Overall, a fun and enjoyable experience, and I look forward to more dinners there – it reminded me of dinner parties we had in college, with better food. The cost, 85 pesos, or discounted to 70 if you bring a bottle of wine to share with the group – that’s kind of hit and miss – most of what people brought was bottom end cheap, a way of saving money on the overall evening – and, no attempt made on anyone’s part to match it to the food being served.
In a completely different style and vein, the also new Bistro Vietnam, also in Palermo, at Gurruchaga 1776, 4833-2311, immediately got put on my radar. The place is owned by a very nice man, whom we met over lunch last week. We unfortunately picked a bad day, last Monday, to go – the two chefs, who are also co-owners with him, are the wives of two diplomats at the Vietnamese embassy, and the weekend apparently had been filled with some sort of major shindig that they were hosting over there – so no one had been in the restaurant preparing things – Monday’s lunch menu was limited as to what was available, plus it was clear that some of the things had been sitting around a couple of days. He assured us that it was a highly unusual circumstance and hoped we’d come back and give the place another shot. [This place has also closed as of early 2010.]
The place is a long, pretty back room behind a Vietnamese-style clothing store, plus a small garden area with tables. The tables are bit low, with benches alongside, kind of like sitting at a kid’s picnic table. To the owners of both places – hey, I appreciate the authenticity of experience, but at the same time, I think there’s a need to cater to your audience a bit…. The waitresses were relatively attentive, and, it turned out, they were the ones preparing the lunch meal with the chefs not there (due in at 3 p.m. we were informed). The cooking, oddly, is not really done in a kitchen – at the end of the room there’s an enclosed bar, with refrigerators where all the ingredients are stored – the “kitchen”, is a small passageway between the bar and the garden, lined with a couple of butane burners, a microwave, and a rice cooker – and it’s all kind of done there in the hallway. On the other hand, most of the dishes being served are of a type where the preparation work is almost more important than the final cooking (which might be why the menu was limited with only the waitresses there to “cook” – it was whatever they could handle).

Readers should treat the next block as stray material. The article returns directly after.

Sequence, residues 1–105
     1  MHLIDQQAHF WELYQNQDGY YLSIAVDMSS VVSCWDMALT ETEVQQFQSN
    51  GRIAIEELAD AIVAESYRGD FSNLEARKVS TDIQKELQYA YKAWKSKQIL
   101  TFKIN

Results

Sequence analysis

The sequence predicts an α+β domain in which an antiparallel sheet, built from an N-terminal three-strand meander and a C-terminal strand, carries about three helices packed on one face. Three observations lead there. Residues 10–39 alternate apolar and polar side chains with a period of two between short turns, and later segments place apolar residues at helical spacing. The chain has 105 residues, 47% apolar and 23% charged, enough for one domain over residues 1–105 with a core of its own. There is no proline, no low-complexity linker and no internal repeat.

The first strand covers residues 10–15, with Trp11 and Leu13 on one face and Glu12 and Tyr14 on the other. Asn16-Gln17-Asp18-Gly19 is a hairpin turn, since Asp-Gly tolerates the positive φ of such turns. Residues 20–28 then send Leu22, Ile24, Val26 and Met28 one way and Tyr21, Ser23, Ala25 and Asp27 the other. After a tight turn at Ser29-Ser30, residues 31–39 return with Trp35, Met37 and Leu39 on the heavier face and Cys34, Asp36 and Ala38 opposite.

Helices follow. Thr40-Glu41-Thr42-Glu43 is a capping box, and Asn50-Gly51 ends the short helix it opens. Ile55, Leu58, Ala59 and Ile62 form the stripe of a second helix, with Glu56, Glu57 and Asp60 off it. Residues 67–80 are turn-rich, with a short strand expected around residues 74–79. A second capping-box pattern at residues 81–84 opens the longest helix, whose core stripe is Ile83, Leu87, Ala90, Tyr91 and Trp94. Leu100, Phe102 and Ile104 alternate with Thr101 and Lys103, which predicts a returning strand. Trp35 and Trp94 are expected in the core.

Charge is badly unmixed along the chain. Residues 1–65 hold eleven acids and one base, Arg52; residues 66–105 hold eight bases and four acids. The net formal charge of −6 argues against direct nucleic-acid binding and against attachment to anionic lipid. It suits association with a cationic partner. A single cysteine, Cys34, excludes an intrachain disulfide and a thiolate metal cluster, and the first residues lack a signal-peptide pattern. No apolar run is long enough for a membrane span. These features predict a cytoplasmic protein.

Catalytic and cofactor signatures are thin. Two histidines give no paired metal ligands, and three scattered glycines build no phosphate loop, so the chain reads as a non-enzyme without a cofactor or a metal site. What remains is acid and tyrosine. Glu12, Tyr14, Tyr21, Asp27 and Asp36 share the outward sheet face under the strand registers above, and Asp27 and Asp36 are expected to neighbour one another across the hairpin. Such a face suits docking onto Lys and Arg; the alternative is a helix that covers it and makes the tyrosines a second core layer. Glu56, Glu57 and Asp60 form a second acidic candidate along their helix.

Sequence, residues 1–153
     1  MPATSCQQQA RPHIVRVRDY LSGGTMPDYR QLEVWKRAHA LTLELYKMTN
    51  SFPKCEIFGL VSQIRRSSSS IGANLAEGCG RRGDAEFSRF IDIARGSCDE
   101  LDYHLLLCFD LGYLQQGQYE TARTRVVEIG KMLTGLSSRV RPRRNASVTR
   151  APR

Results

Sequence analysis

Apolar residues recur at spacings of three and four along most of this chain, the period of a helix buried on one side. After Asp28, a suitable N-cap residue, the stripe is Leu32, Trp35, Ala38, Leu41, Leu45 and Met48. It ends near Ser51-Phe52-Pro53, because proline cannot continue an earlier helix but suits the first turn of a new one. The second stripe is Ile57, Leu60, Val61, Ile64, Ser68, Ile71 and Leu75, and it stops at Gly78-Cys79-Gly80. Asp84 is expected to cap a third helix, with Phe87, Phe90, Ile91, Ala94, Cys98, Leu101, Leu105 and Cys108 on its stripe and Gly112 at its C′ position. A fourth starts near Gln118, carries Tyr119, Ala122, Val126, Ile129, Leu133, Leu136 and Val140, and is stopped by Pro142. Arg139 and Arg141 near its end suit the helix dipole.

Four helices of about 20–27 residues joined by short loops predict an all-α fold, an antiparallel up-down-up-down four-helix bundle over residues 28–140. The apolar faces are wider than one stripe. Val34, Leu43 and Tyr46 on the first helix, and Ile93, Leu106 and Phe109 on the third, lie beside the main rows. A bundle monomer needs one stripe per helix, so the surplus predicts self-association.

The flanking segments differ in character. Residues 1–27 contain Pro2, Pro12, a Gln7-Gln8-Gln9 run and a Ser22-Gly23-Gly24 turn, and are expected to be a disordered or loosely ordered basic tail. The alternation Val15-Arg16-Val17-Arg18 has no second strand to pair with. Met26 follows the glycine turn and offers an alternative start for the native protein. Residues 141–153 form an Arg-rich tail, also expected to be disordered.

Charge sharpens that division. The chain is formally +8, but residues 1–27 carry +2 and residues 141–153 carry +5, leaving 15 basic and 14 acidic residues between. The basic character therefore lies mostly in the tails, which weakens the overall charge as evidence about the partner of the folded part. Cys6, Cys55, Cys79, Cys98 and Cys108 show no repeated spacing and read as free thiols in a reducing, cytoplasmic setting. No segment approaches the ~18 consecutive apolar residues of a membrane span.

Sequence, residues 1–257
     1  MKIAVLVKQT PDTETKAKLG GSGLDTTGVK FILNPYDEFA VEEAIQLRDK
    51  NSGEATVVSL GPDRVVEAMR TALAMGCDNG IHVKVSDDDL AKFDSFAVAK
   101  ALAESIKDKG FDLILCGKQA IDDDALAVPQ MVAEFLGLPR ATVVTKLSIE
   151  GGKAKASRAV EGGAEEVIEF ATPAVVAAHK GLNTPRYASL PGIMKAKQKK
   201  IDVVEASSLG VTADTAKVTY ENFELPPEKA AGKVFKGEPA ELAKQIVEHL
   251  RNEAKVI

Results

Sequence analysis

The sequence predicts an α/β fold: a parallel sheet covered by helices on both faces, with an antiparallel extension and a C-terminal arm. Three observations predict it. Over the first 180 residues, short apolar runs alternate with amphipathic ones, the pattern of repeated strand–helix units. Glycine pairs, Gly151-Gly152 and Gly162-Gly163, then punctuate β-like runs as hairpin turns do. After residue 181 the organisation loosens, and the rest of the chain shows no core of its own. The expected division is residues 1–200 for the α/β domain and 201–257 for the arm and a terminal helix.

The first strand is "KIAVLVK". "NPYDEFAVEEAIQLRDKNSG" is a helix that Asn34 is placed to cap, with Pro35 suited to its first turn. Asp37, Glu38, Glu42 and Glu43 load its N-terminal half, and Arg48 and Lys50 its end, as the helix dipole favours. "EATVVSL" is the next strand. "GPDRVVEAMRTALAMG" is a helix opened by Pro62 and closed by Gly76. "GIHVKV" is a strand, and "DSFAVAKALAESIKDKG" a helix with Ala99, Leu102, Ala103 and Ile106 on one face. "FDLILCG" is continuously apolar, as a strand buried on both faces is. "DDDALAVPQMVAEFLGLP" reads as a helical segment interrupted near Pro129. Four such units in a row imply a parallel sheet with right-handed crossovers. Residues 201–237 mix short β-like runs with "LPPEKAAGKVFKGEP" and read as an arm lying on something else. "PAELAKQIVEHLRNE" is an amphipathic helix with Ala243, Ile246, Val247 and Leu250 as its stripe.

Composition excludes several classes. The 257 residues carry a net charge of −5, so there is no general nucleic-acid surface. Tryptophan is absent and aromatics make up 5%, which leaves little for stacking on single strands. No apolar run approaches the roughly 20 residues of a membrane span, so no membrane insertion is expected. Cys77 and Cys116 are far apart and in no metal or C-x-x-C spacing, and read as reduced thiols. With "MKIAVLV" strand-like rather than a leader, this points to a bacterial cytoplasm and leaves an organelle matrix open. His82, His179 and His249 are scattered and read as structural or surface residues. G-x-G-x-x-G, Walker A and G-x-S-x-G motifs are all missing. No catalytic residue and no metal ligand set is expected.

Off the bat, a disappointment, no phớ – that wonderful broth with noodles, meat and vegetables that’s pretty much the test of a Vietnamese cook’s mettle – not that it’s not on the menu, it just wasn’t available. We started off with nem ran, the North Vietnamese name for what I know as cha gio – pork filled springrolls – the filling, delightful, the outer “skin” a little soggy, this is where the “sitting around” was a slight problem – still, if these had been freshly made and nice and crisp, they’d have been dead-on. We also had a plate of nem cuốn, cold summer rolls, filled with pork and shrimp – these were fine as is, being kept in the refrigerator for an extra day for a summer roll works out. The two appetizers were served with a trio of dipping sauces – a simple garlicky vinegar, a tomato based hot sauce, and a smoky plum sauce. All quite good. They were also both accompanied by a cabbage salad, though, this one more of a pickled style, and had also been there for a couple of days. Oh, fresh-brewed iced tea – they win points in BsAs just for that!
For our main courses, with the phớ literally off the table, we settled on miến xáo, sauteed cellophane noodles with shrimp – nicely spiced, well made – actually given that it was prepared by a waitress using a wok on a butane burner, pretty impressive. Not to disparage waitresses, and I guess they’re trained to do this at Bistro Vietnam. The other plate was a ga xao xa ot – well, not exactly, as that’s a lemongrass chicken, this was a lemongrass pork – still, quite good. We finished off with a couple of Vietnamese style coffees – not quite made the traditional way with the espresso-ish coffee dripping into the condensed milk, but a nice double shot of espresso atop sweetened condensed milk, and shared a bowl of housemade bitter cocoa ice cream with walnuts – not exactly traditional, but delicious.
Overall, high points for authenticity, service, charm. Disappointing on the missing items from the menu, but worth going back to check out again. Pricing, quite reasonable, for all of this we spent about 65-70 pesos apiece, with tip.
Biggest contrasts between the two places, and this is part of why I don’t really want to do a compare and contrast – A Little Saigon focuses on South Vietnamese home-cooking, and Bistro Vietnam focuses on restaurant style North Vietnamese dishes. A very different experience too – sitting at one large communal table is part of the fun of the former, having your own little spot of tranquility that of the latter.